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The Buffalo News’ Emma Sapong wrote an article about homelessness with a focus on homeless mothers in transitional housing. Two local transitional housing programs are highlighted in the story: Gerard Place and Cornerstone Manor. Additional comments are provided by Bill O’Connell, executive director of the Homeless Alliance.

Bill comments on the struggles of mothers in poverty:

When folks are homeless, they’ve already gone through every friend and family resource that they have for inexpensive and reliable child care, so that’s why they are staying in a shelter. High housing and child care costs put many already struggling mothers in financial binds that can lead to homelessness.

Read the full story here.

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Download the Poverty Challenge Participants’ Guide here.

Check out the flyer for the Poverty Challenge here.

From May 6 through May 7, a number of community leaders have agreed to maintain a poverty budget to demonstrate how many of our area’s residents are not able to meet their basic needs. With the support of a number of religious leaders, elected leaders, and other community leaders, the 2008 Poverty Challenge of Greater Buffalo is an attempt to raise awareness about the nature of poverty in Western New York.

The point is not to play poor for a few days but to stand in solidarity with those facing the day-to-day struggles of poverty: the limitation of choices and the stifling effects of a low income. (more…)

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Special thanks to the Cleveland Plain Dealer for the following summary of the remaining Presidential Candidates poverty platforms. More information can be found on the PD blog at the following link

Plain Dealer Blog.

Poverty platform:

• The author of “It Takes A Village: And Other Lessons Children Teach Us” targets the nearly 13 million children living in poverty, calling it a “blight on our nation’s conscience and our economic future.”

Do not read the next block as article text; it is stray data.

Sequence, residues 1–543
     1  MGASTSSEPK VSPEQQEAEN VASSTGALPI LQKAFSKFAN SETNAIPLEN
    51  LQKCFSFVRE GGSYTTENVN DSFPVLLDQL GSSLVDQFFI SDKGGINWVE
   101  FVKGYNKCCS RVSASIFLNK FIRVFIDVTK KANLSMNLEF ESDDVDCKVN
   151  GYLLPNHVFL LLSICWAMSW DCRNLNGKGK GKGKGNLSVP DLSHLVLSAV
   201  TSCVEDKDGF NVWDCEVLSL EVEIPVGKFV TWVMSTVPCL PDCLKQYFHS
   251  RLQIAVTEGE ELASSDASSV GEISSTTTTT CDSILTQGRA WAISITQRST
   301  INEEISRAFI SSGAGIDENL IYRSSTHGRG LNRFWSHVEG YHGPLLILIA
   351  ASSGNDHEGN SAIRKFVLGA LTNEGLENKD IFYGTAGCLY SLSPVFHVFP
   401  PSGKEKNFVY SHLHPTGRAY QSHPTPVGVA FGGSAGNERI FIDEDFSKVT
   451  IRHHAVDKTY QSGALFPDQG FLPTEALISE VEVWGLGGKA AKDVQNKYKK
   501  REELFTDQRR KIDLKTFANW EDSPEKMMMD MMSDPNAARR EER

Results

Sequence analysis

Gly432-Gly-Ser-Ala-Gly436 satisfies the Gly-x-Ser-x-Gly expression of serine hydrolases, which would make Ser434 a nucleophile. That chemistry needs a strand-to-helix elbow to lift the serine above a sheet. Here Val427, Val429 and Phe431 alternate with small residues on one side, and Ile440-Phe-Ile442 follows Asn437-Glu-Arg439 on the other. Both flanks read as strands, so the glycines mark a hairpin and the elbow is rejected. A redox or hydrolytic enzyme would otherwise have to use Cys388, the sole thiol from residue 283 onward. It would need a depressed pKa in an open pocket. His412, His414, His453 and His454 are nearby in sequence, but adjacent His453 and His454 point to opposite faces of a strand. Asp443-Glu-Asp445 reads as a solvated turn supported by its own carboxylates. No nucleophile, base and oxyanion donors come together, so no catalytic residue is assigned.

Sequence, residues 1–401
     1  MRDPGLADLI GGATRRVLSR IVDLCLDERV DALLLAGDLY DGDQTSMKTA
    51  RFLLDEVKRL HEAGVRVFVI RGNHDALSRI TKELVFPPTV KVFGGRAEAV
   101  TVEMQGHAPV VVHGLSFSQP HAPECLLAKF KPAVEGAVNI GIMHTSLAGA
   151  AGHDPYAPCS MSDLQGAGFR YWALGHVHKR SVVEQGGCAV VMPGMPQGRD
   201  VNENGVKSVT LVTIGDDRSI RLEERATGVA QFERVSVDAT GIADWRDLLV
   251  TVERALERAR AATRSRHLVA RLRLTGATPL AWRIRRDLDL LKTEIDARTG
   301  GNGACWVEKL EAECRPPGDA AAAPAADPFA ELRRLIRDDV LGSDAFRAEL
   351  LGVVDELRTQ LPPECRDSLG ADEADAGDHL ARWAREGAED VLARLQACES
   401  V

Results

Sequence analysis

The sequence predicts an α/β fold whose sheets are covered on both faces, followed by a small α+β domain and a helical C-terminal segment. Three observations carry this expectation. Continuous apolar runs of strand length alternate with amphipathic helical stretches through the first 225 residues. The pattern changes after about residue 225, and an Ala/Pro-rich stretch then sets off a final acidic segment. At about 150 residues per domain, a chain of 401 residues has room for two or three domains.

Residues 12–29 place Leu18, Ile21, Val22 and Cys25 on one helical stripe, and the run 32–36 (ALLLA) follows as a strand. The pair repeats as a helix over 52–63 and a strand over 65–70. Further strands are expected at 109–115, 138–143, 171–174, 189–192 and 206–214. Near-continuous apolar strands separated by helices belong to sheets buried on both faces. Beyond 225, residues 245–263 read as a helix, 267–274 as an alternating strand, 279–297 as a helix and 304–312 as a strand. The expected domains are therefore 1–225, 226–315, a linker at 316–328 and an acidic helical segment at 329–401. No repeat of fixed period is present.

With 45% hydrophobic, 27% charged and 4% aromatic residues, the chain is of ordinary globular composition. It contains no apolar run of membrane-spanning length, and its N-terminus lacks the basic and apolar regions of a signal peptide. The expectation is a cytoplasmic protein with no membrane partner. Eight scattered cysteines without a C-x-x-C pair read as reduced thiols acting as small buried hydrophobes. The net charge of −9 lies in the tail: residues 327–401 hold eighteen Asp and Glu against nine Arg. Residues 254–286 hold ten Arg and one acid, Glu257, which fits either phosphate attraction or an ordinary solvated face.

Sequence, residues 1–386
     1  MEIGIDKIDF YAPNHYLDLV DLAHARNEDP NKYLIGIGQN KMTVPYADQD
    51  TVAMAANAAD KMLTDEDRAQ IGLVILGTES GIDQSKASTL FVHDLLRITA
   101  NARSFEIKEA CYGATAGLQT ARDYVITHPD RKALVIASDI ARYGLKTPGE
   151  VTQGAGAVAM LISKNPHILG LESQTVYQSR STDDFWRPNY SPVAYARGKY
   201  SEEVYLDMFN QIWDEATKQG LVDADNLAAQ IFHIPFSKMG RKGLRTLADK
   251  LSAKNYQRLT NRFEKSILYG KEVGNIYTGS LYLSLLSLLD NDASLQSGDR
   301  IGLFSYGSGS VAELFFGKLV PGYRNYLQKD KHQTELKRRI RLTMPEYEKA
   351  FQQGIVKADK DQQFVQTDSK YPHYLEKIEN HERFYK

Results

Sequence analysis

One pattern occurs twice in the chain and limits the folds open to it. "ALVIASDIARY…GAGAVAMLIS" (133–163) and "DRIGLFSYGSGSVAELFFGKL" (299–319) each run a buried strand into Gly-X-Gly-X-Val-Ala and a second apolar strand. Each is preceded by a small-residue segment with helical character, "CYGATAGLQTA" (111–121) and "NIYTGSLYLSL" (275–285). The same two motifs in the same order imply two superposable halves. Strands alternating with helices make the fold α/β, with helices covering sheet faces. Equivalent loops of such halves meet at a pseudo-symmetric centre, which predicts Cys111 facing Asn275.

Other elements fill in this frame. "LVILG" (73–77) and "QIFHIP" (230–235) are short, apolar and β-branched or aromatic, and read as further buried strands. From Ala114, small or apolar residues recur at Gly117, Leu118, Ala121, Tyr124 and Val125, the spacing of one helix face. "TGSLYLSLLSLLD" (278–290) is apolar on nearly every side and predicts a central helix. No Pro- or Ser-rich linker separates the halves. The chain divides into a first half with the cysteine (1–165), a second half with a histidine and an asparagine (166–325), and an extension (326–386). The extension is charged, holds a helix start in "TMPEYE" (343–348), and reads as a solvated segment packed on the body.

• The senator’s nine-page position paper focuses on specific actions she would take on issues ranging from enforcing child support payments to nurse home visitation for new at-risk mothers.
On a larger scale, the Senator touts universal health care, a moratorium on foreclosures, and the creation of at least 5 million “green collar” jobs for low-wage workers.

• The former Chicago activist describes his anti-poverty policies as “the single most important focus of my economic agenda as president.”
• Details are sketchy, but include access to safe, affordable housing, job programs, and financial and medical assistance to single parents.

• America’s most famous POW takes aim at urban poverty by taking back the streets, improving urban school systems and updating job training programs.
• Again, specifics are vague.

New ideas:

•The former first lady would work to end child hunger by strengthening the food stamp program, improving the food safety net and providing more access to healthy, fresh food.
•She would provide economic opportunity to low-income families by raising the minimum wage, and expanding new job training opportunities.
•She would also establish a pilot program to reduce homelessness among veterans, and develop a community based re-entry plan to help ex-offenders receive job training and placement as well as drug and mental health counseling.

• The son of a single mother, his most ambitious anti-poverty policy would be to replicate the success of the Harlem Children’s Zone in 20 cities nationwide.
• He also wants to spend $1 billion for a jobs program that would place the unemployed into temporary jobs and train them for permanent ones.
• He would also offer incentives for businesses to relocate, or start-up, in distressed inner cities.

• The former naval aviator equates economic prosperity to the war on terrorism. “For the same reason you have to fight the war against the Islamic extremists on the international level, you have to ensure the streets are safe so people can go to work and businesses can operate,’ said the senator’s senior policy advisor.